When we first met this house, in my native village, it had been dormant for more than 20 years. It had been left almost untouched since the death of its last inhabitant, a lonely old woman without children known as La Crabette.
Her nickname came from her being known to walk the hills accompanied with her goats. She was said to bring bad luck and if you met her in the woods while hunting you could go home immediatly because that day you would catch nothing. Tales would say she was somehow a bit of a witch.
The house was still full of her, and of her past when she was still Maria, living there as a child with her parents, there were even objects from before her times: remedies advertisement from the 19º century lying in the dusty loft, household expenditure diaries, rusty tools to attend the fields, old pharmaceutics glass bottles, newspapers from 1909.
There was in the corner next to the fireplace lots of old papers and cards to be burnt, there we found in the pile a small letter from a world war I soldier written in pencil, saying nothing much but sending his regards to the child Maria.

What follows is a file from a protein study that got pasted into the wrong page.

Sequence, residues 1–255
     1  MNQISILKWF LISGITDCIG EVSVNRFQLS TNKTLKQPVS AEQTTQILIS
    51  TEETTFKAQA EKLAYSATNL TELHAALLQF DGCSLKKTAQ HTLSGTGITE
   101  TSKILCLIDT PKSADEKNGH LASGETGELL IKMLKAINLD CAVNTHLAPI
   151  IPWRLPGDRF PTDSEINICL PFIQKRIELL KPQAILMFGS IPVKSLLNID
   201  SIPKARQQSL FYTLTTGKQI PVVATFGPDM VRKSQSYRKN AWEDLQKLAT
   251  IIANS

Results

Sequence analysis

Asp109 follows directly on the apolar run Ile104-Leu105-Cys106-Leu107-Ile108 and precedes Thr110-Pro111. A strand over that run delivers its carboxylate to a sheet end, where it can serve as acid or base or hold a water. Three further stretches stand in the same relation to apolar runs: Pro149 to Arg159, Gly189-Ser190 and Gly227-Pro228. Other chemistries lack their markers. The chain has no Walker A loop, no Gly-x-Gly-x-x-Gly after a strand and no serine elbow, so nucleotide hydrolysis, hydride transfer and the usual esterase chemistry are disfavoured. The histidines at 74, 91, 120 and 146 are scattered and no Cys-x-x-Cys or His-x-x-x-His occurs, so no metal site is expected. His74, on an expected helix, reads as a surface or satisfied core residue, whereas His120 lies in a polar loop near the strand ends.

Clearing the house took a while. Tracing back the history would be a long investigative work. The house itself dates maybe from the 16th century and probably was an échoppe, the old french word for shop, maybe selling meat as the street name may suggest, Rue des Grandes Boucheries.
The house had already be altered a number of times. The roof had been raised maybe during the war of religion to create more storage space in case of a siege, the stairs are a clear later addition from the 19 century, and were certainly not in there current location.
When the renovation works were finished a ceremony was organised to refresh the house's soul and make peace with its long history and the last of its inhabitant, la Crabette.
Contractor: Entreprise Parra Fils